Gregory F. Pflster
Prentice Hall PTR, Upper Saddle River, NJ, 1998, 608 pp.
ISBN 0-13-899709-8, $35.96
In Search of Clusters; The ongoing battle in lowly parallel computing is a comprehensive and well-organized exposition of an important branch of parallel computing, computer clusters. The underlying theme of this book can best be summarized by the author's definition of cluster: a type of parallel or distributed system that consists of a collection of interconnected whole computers, and is used as a single, unified computing resource. As the author sought, this general definition allowed for his coverage to be descriptively inclusive yet not prescriptive; he continually acknowledges there are many ways to build a cluster. For the sake of comparison, he dedicates a great deal of the book to the coverage of symmetric multiprocessors (SMP's) and Non-Uniform Memory Access machines (NUMA's), key competitors to clusters. In general, the content of the book is very accessible where the author weaves elaborate prose with interjections of casual colloquialisms and bits of levity. His tone is truly ingratiating, and undoubtedly has the reader chuckling and smiling. The book can be used in upper-level undergraduate and lower-level graduate courses on parallelism, as well as by professionals in industry seeking information about this powerful new manifestation of parallelism.
The author systematically covers the subject of clusters. In Part One, he motivates and defines by explaining what clusters are, why they are needed, and why they are needed now. This material does not depend on prior knowledge and can be used for students new to parallel computing. In Part Two, the hardware of clusters is covered. Here, he describes, compares, and contrasts the main hardware genres encompassed in clusters, SMP's, and NUMA's. In Part Three, the same treatment is given to software including programming models, serialization, and specific parallel languages. In Part IV, he combines the material of the previous parts into a compelling presentation of what he states is the definitive characteristic of the cluster genre, the alliance between hardware and software. In this final part, he discusses overall systems and how they attain the many goals of any parallel architecture such as performance, scaleability, price/performance, and availability of nodes. He also includes a wonderful list of justifications for the one attribute that clusters offer that other parallel options do not, that of scavenging unused CPU cycles.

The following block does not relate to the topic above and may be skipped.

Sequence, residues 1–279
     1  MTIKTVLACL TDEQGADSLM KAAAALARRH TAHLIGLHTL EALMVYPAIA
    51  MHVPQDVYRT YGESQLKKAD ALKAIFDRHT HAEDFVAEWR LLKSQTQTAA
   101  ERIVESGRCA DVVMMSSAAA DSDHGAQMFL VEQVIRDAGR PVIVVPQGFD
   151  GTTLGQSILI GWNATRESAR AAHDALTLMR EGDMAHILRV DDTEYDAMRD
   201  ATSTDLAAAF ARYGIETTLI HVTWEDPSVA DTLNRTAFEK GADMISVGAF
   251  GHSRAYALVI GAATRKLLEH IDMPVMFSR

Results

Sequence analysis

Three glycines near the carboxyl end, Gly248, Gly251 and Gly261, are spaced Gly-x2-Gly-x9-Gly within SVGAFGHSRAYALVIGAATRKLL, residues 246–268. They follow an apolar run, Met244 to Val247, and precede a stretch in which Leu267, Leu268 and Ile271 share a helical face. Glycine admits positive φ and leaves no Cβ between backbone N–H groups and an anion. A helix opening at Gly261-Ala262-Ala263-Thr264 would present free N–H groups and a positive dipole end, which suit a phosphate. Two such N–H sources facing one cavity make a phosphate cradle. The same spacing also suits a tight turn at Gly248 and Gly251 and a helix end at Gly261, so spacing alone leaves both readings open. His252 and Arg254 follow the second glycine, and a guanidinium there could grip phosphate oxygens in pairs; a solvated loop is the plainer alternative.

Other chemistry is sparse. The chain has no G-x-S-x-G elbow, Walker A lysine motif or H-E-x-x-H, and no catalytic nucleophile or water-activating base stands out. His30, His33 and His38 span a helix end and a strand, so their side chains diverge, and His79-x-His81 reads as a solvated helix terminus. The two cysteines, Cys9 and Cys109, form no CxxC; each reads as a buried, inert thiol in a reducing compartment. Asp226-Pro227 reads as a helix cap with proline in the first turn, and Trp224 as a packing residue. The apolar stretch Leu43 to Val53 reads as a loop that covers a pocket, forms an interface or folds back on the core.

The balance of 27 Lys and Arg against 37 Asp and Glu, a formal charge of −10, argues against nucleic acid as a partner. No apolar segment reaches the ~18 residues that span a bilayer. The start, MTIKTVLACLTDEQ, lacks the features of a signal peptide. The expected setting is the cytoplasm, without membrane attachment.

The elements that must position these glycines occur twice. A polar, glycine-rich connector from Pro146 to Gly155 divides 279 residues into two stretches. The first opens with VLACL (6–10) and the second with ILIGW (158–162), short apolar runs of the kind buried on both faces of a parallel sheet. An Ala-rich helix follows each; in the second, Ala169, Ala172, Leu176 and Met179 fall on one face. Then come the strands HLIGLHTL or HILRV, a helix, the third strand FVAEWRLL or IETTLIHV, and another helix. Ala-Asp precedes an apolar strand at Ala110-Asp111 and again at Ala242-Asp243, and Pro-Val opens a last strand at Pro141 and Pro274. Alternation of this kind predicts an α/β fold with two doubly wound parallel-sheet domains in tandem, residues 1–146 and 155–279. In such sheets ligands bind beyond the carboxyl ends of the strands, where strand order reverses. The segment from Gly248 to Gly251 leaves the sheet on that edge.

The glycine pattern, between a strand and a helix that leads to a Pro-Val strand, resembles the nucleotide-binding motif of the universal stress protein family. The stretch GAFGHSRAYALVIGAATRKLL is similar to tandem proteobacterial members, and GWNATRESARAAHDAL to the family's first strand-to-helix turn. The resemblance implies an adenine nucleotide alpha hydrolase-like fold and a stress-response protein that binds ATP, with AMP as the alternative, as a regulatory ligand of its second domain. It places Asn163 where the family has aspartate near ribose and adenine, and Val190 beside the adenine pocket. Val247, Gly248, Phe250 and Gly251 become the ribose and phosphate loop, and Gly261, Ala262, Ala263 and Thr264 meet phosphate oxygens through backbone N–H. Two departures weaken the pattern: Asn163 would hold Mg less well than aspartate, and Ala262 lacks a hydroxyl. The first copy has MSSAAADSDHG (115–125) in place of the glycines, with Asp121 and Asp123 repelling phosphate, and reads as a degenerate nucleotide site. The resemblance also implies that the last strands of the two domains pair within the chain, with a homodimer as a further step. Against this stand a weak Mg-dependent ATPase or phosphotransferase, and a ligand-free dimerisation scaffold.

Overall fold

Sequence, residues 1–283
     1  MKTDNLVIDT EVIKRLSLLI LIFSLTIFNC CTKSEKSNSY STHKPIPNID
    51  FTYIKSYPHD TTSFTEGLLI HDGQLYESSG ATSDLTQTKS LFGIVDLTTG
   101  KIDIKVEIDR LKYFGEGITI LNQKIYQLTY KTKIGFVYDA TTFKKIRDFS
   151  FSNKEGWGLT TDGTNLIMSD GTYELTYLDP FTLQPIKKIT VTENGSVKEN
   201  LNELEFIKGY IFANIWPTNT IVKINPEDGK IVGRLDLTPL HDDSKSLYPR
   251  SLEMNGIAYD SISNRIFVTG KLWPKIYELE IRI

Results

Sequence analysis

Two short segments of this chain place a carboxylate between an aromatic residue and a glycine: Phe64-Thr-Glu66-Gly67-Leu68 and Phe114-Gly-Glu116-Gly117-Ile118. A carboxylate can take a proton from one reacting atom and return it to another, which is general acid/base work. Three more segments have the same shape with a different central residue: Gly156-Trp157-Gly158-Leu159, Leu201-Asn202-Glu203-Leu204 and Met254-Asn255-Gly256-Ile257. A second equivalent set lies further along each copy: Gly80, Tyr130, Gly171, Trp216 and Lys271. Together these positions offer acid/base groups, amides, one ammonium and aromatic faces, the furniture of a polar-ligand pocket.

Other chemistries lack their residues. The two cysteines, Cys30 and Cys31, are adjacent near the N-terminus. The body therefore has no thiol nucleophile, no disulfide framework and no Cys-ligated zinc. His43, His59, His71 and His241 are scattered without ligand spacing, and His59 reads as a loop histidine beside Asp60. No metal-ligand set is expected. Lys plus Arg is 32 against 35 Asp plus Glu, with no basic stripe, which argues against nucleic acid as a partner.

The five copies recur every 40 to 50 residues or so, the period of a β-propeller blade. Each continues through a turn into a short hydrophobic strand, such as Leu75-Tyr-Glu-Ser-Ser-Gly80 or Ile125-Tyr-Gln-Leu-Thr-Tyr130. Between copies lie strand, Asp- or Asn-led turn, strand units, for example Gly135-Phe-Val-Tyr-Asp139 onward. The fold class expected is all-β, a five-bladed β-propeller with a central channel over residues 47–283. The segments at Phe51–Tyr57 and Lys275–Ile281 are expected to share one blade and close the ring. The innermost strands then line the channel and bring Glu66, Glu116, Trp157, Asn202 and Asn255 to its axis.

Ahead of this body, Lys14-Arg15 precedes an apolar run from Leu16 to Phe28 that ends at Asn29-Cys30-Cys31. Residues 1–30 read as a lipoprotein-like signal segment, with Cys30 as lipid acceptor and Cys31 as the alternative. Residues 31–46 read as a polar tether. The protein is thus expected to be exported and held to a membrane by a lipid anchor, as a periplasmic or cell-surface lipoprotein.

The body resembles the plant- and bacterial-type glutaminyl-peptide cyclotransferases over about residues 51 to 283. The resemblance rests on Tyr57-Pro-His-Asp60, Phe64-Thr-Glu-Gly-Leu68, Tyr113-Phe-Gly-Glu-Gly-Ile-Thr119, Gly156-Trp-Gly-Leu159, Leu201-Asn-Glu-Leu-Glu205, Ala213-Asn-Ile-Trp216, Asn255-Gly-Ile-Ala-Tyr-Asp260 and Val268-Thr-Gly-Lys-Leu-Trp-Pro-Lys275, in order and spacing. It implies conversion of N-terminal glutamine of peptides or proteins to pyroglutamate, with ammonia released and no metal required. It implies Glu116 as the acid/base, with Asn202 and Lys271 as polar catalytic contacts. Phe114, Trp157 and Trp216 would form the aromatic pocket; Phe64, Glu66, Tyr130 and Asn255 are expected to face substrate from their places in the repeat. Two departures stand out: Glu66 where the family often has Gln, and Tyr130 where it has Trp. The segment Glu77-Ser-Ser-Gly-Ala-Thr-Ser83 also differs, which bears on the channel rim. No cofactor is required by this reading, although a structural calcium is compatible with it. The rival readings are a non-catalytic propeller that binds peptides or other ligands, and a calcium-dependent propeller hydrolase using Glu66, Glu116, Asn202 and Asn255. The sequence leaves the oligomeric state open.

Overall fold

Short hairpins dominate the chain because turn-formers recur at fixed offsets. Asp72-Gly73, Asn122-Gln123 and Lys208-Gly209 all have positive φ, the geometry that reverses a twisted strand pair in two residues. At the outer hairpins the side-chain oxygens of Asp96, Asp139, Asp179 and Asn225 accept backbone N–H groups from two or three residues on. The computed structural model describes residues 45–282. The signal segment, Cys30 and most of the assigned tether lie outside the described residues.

Overall, the book is quite comprehensive and well-organized with many good analogies and rich metaphors. In very few instances, however, the metaphors may get a bit reckless and resort to a (very small amount of) gender-biased language in descriptions. There are no end-of-chapter exercises nor are keypoints highlighted. On the other hand, there is a plethora of creative examples and illustrations to elucidate complex ideas that significantly aid the reader.
In summary, the author's mastery of language makes reading this book a pleasure. The coverage is complete and thorough, and logically ordered. The book is an excellent and accessible resource and would prove to be a pedagogical aid to any computer enthusiast interested in parallel computing.
University of Dayton